Geneseo's Gradert rises to top of U.S. Navy's Oceanography Operations

Megan Brown
Navy Office of Community Outreach
Petty Officer 1st Class Jakob Gradert, a native of Geneseo, is part of the Naval Oceanography Operations Command.

GULFPORT, Miss. − Petty Officer 1st Class Jakob Gradert, a native of Geneseo, is part of Naval Oceanography and serves at Naval Oceanography Operations Command.

Sailors and civilians working throughout Naval Oceanography collect, measure, and analyze the elements of the physical environment (land, sea, air, space). They synthesize a vast array of oceanographic and meteorological data to produce forecasts and warnings in support of safety of flight and navigation.

Gradert, a 2012 Geneseo High School graduate, currently serves as an aerographer's mate at Naval Oceanography Operations Command, headquartered at the Stennis Space Center in Mississippi.

“I would like to thank my family, Mark and Janet Vink, Terri Sliz and April Watson,” said Gradert.

“Naval Oceanography operates simultaneously at the strategic, operational and tactical levels of warfare in every theater around the globe,” said Rear Adm. Ron Piret, commanding officer, Naval Meteorology and Oceanography Command. “We pride ourselves in our ability to characterize the battle space and then predict changes in the environment over time. Every ship that sails, every aircraft that takes flight, every submarine that dives beneath the surface of the ocean has to go to sea with the information that Naval Oceanography provides.”

According to Gradert, the values required to succeed in the Navy are similar to those found in Geneseo.

“My hometown taught me small town values like hard work, being honest and to help those around me,” said Gradert.

Naval Oceanography personnel demonstrate expertise in Hydrography, Geospatial Information and Services (GIS), datum issues, and Tactical Decision Aids (TDA). They combine knowledge of the operating environment with a thorough understanding of warfighting capabilities to assess and predict environmental impacts to friendly and enemy platforms, sensors and weapon systems.

Serving in the Navy means Gradertis is part of a team that is taking on new importance in America’s focus on strengthening alliances, modernizing capabilities, increasing capacities and maintaining military readiness in support of the National Defense Strategy.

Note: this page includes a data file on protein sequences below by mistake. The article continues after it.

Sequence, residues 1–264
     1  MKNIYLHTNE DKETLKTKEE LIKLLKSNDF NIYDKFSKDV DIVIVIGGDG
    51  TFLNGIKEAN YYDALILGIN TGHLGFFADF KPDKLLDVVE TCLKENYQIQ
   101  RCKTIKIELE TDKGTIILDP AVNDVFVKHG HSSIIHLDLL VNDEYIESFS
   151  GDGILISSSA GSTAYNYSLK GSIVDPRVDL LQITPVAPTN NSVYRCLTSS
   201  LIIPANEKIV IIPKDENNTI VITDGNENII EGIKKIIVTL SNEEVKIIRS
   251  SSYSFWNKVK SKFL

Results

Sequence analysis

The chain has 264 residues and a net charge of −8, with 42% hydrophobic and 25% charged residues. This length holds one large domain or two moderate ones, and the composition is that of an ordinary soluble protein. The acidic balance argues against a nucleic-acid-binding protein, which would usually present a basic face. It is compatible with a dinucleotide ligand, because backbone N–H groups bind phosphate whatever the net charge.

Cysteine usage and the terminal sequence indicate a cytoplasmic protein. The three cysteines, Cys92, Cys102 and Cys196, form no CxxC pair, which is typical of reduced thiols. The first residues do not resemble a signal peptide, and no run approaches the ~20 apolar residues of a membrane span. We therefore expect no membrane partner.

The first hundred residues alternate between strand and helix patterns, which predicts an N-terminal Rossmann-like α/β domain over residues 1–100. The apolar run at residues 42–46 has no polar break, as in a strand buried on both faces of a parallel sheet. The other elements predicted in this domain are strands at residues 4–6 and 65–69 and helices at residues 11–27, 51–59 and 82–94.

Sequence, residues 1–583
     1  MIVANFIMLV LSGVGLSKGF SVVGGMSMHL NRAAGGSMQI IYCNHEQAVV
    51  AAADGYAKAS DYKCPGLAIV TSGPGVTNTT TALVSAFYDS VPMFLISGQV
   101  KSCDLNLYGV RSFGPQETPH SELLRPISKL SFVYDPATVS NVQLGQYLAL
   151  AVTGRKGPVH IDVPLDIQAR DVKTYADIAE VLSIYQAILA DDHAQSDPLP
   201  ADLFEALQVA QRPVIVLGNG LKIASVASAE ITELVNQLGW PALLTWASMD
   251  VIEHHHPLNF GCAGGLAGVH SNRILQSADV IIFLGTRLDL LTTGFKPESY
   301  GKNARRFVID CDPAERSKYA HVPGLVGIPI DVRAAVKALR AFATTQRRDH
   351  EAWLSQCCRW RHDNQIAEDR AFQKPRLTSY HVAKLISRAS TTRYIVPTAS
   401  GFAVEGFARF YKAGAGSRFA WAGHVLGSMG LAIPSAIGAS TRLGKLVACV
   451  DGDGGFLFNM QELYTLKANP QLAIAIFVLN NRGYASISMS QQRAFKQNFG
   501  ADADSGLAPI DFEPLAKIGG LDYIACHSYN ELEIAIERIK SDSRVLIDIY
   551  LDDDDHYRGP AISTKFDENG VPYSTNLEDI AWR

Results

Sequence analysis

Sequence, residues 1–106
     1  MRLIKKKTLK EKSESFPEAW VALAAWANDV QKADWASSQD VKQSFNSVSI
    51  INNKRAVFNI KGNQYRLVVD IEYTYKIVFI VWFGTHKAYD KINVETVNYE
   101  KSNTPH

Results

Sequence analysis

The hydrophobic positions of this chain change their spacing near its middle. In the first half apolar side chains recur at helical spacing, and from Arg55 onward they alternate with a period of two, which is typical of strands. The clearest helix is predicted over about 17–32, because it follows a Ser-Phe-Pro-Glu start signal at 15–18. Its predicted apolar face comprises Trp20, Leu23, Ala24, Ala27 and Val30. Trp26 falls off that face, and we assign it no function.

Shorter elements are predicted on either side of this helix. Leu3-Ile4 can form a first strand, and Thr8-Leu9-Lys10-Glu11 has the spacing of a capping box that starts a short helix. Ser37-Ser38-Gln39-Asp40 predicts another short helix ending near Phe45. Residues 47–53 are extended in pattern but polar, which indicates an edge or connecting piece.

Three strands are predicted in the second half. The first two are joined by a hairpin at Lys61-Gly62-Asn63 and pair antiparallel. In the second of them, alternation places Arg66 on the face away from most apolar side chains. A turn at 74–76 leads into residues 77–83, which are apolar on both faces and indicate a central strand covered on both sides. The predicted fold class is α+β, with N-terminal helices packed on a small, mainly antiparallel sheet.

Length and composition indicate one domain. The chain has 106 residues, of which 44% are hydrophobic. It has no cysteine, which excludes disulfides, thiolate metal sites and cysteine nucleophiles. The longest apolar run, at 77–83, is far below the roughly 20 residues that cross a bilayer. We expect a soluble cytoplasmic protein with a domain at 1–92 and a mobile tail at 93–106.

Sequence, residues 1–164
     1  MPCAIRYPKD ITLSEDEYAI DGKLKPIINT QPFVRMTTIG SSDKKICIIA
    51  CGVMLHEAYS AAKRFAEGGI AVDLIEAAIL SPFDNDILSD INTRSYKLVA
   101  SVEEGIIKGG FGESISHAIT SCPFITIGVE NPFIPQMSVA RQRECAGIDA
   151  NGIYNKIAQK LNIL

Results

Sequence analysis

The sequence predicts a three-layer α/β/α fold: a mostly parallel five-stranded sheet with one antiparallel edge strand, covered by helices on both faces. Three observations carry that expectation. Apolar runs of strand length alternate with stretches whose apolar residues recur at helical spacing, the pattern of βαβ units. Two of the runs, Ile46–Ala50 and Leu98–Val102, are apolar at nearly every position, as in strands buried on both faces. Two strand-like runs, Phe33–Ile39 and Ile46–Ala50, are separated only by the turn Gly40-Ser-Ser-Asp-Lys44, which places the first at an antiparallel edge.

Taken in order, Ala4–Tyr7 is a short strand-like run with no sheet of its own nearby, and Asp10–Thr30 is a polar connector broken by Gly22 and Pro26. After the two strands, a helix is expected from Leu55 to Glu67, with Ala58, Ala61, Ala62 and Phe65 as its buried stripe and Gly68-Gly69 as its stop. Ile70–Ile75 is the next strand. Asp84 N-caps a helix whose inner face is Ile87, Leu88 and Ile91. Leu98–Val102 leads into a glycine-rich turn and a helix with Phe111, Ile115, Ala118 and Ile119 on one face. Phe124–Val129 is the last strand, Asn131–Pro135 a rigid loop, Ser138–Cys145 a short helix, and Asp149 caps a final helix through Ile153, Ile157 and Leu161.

“The Navy's forward presence allows for freedom of the seas,” said Gradert.

With more than 90 percent of all trade traveling by sea, and 95 percent of the world’s international phone and internet traffic carried through fiber optic cables lying on the ocean floor, Navy officials continue to emphasize the importance of accelerating America’s advantage at sea.

“Maintaining the world’s best Navy is an investment in the security and prosperity of the United States, as well as the stability of our world,” said Adm. Mike Gilday, Chief of Naval Operations. “The U.S. Navy—forward deployed and integrated with all elements of national power—deters conflict, strengthens our alliances and partnerships, and guarantees free and open access to the world’s oceans. As the United States responds to the security environment through integrated deterrence, our Navy must continue to deploy forward and campaign with a ready, capable, combat-credible fleet.”

Gradert and the sailors and the civilians they serve with have many opportunities to achieve accomplishments during their military service.

“I am most proud of reaching the rank of petty officer first class,” said Gradert. “I am proud of this because it is a senior rank so I can help those more junior to me.”

As Gradert and other sailors and civilians continue to train and perform missions, they take pride in keeping fellow sailors and civilians safe and serving their country in the United States Navy.

“Being in the Navy means serving my country and being a part of something bigger than myself,” added Gradert.

Naval Oceanography directs and oversees more than 2,500 globally-distributed military and civilian personnel who collect, process and exploit environmental information to assist Fleet and Joint Commanders in all warfare areas to make better decisions, based on assured environmental information, faster than the adversary.